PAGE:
By Debbie James

The journey to running a large-scale dairy herd has been an unconventional one for James Evans.

As a teenager, James dreamed of becoming an actor, honing that talent on stage with the YFC.

But, having failed to secure a university place to study drama, he took umbrage and set off for Canada, where he spent a year working as a skiing instructor at Whistler.

He describes that period as a “good life experience’’ but the interest in farming he thought he didn’t have surfaced so he headed home and enrolled at Harper Adams where he studied agriculture.

“I went there knowing nothing and perhaps left knowing even less because I failed the degree!’’ he laughs.

But what he did gain from the course was an excellent industry placement with a feed company in Nantwich, where he developed an interest in feed rationing and gained a good understanding of the materials fed to dairy cows.

James also milked every other weekend, at his family’s 385 hectare (ha) mixed farming business at Llangedwyn, Oswestry.

His ‘lightbulb moment’ – when he first realised that he genuinely wanted to farm – came in August 2013.

“We sat down as a family and discussed the future and I decided then that I wanted to give farming a go,’’ recalls James, who was given responsibility for the dairying side of the business.

Now aged 28, he has grown the herd from the 275 Holsteins milked in 2013 to the 630 in the herd today, aiming to expand cow numbers to 750-800 in the next 18 months.

Cows are fully housed and milked three times a day – at 5am, 1pm and 9pm – producing an average milk yield per lactation of 12,200 litres at 3.7 per cent butterfat and 3.3 per cent protein.

One of James’ first decisions was to introduce three-times-a-day milking – that resulted in an immediate and big improvement in milk yield.

As the business is seeking to drive up cow numbers, 45 per cent of the herd consists of first lactation heifers.

James is using genetics to improve the herd. “We want animals with better fertility and longevity and genetics can help us to achieve that,’’ he believes.

All heifers are genomically tested as a means of assessing traits such as health, type, milk and constituents, to inform decisions on which animals to breed herd replacements from.

Cows are fed a total mixed ration (TMR) twice a day, with 55 per cent of the ration coming from homegrown silage and maize, topped up with a high-quality protein blend, rolled wheat, liquid feeds, protected fats and a bespoke mineral blend to create a balanced ration.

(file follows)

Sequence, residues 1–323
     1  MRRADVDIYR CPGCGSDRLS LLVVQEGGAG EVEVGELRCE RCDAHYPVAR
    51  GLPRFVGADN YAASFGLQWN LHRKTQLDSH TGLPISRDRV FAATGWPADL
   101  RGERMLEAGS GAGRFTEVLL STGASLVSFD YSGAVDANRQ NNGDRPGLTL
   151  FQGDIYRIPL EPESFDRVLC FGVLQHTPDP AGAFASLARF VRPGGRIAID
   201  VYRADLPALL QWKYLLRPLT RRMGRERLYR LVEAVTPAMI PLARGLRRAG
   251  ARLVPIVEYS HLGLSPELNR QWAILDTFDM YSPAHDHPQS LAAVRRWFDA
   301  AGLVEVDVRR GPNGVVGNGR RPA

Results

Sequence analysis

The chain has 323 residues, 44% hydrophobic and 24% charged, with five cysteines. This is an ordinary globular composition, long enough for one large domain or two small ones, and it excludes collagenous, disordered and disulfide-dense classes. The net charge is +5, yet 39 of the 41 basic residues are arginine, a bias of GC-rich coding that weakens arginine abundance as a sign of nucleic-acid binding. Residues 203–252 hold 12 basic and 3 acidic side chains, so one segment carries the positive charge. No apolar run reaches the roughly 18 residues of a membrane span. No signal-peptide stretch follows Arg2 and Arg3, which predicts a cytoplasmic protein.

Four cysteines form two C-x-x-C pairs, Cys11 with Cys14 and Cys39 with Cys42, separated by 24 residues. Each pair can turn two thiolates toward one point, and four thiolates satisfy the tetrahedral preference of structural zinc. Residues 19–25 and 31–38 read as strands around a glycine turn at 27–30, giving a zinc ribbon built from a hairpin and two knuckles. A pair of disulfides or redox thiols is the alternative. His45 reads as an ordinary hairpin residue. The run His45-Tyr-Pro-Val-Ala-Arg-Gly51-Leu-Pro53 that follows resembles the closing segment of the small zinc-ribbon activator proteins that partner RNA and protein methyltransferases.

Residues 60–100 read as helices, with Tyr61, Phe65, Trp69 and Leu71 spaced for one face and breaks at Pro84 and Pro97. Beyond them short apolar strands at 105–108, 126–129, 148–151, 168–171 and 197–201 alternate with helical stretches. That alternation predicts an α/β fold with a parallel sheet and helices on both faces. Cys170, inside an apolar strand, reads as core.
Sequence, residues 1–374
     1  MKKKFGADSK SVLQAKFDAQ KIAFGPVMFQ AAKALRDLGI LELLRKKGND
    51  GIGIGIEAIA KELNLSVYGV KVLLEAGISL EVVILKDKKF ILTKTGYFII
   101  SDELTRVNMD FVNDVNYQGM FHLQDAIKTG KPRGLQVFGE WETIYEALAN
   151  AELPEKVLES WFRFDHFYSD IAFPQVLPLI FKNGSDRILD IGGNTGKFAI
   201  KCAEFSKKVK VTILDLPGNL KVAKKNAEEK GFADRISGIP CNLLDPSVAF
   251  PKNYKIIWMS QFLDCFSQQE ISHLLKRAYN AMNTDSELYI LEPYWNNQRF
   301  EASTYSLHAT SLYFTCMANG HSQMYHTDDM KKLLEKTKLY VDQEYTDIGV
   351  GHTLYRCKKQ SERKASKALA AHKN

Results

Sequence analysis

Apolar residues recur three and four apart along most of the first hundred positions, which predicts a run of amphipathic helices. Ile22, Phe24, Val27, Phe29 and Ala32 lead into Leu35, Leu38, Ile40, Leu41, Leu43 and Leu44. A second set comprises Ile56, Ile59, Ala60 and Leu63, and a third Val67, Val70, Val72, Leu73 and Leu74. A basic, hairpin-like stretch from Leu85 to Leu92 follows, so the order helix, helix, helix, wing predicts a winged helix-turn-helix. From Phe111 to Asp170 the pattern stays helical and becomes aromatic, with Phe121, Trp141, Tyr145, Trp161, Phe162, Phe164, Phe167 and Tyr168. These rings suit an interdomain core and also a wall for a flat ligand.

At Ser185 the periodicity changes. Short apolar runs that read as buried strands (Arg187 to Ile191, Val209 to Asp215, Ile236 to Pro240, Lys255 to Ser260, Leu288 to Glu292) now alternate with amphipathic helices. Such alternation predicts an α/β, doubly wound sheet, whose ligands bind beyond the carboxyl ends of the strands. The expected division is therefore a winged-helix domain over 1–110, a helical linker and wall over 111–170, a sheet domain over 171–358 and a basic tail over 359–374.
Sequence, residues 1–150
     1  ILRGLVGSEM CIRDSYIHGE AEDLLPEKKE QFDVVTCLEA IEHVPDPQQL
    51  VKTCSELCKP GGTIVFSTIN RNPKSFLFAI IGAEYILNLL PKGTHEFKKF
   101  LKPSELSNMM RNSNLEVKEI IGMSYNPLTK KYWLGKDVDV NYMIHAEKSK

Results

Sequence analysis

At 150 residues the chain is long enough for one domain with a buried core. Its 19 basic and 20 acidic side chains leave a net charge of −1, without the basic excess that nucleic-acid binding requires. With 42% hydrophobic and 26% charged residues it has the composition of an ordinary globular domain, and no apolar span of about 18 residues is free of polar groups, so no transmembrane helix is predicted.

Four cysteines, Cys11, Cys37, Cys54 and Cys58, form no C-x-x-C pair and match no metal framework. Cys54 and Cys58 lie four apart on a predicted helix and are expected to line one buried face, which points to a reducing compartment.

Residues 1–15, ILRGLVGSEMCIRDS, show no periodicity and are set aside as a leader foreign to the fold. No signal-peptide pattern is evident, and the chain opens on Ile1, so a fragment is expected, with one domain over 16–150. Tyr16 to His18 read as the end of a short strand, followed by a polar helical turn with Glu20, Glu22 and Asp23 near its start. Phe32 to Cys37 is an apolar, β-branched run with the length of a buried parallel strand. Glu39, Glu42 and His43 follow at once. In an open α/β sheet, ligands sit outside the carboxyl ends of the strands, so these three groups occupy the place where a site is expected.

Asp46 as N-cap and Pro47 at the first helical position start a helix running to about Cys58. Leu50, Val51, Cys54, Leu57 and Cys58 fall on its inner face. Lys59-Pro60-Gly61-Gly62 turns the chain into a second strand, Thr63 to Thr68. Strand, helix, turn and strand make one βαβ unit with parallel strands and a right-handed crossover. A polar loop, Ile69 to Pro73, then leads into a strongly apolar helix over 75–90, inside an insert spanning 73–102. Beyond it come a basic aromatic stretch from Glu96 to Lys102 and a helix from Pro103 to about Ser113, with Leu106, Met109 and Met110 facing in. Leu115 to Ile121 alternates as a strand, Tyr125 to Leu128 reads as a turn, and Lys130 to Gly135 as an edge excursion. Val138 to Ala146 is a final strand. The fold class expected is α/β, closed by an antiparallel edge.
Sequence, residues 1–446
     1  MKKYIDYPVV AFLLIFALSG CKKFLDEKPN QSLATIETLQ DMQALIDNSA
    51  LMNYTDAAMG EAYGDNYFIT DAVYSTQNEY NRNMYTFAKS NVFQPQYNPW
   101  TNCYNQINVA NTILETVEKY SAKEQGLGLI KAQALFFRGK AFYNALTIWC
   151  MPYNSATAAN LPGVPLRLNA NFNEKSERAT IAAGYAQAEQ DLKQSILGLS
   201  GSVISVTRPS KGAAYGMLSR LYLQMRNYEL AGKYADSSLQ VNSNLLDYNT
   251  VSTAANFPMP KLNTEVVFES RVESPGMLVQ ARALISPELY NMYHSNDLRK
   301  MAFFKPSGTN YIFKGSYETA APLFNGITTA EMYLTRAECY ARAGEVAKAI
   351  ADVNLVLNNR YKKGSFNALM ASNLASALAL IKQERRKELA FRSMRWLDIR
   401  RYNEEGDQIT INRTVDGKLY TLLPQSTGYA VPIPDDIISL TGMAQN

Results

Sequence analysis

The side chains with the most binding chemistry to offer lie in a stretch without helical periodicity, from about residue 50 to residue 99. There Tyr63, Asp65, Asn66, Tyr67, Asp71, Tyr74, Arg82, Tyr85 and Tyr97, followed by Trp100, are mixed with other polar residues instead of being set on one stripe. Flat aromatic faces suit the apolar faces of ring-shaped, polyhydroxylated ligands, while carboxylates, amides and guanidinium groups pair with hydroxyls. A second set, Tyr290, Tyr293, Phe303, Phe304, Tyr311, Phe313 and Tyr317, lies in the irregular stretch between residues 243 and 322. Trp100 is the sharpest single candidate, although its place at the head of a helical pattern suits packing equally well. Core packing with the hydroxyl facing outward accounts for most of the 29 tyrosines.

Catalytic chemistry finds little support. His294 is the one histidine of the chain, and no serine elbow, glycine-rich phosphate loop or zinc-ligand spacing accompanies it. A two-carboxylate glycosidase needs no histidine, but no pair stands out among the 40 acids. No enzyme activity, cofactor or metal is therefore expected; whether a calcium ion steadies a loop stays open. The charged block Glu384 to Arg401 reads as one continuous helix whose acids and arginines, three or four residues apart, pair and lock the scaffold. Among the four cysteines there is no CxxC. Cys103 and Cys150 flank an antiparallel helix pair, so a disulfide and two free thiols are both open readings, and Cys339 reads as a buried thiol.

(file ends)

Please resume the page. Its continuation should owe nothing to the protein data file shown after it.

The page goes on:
For the last two years, a multicut silage system has been in place in an attempt to improve forage quality and drive cow intakes to 12-12.5kg a head a day.

About 25 per cent of the 162ha silage platform is reseeded annually using a 50/50 mixture of diploid and tetraploid varieties with narrow heading dates, from May 28 to June 4, to ensure everything grows at the same rate.

Another key focus for James has been developing staff to create a strong workforce; this includes varying the responsibilities for the herdsman and the dairying team, such as including foot trimming and fertility work.

“It is motivational and it is also beneficial to the business,’’ he says.

James is a former winner of the NFU Cymru/NFU Mutual Welsh Dairy Stockperson of the Year Award, a competition which recognises the important contribution a good dairy stockperson can make to a dairy enterprise, as well as the wider Welsh dairy industry.

For James, protocols are key to getting the best from the herd.

“We have consistency in our day to day jobs, for instance we have a specific day of the week for a vet visit and another for drying off. We also have protocols for footbathing and generally keeping stock neat and tidy.’’

James farms with his father, Martin, and brother Josh. As well as the dairy herd, the business, known as the Martin Evans Group, also has a contracting business, a broiler unit and an agricultural construction company.

Martin, James and Josh have responsibility for different areas of the business but they work well as a team.

“There is a little bit of something for everyone, we work well together but we all have our own areas of responsibility,’’ says James.